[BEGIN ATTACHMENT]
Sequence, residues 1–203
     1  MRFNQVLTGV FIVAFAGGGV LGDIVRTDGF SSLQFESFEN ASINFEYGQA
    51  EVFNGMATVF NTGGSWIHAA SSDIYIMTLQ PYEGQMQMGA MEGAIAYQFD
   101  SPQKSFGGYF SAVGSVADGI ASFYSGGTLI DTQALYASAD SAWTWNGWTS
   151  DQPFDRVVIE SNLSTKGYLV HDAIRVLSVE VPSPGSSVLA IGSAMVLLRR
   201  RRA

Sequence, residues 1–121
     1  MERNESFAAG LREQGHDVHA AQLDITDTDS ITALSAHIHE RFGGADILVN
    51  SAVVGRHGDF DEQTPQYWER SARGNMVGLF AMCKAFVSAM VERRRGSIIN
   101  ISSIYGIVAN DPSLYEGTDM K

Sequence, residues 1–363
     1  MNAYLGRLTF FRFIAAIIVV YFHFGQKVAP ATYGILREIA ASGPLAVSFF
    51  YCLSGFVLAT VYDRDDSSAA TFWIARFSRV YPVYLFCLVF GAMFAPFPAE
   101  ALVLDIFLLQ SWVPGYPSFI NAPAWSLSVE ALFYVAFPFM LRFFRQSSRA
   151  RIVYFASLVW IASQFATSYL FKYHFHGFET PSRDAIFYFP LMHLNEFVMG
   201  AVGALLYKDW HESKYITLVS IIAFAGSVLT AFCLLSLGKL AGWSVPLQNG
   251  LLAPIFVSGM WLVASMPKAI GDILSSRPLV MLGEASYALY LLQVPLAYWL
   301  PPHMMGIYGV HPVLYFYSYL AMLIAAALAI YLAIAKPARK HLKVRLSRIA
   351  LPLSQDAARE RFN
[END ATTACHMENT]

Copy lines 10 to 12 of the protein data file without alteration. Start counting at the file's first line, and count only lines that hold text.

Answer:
   101  ISSIYGIVAN DPSLYEGTDM K

Sequence, residues 1–363
     1  MNAYLGRLTF FRFIAAIIVV YFHFGQKVAP ATYGILREIA ASGPLAVSFF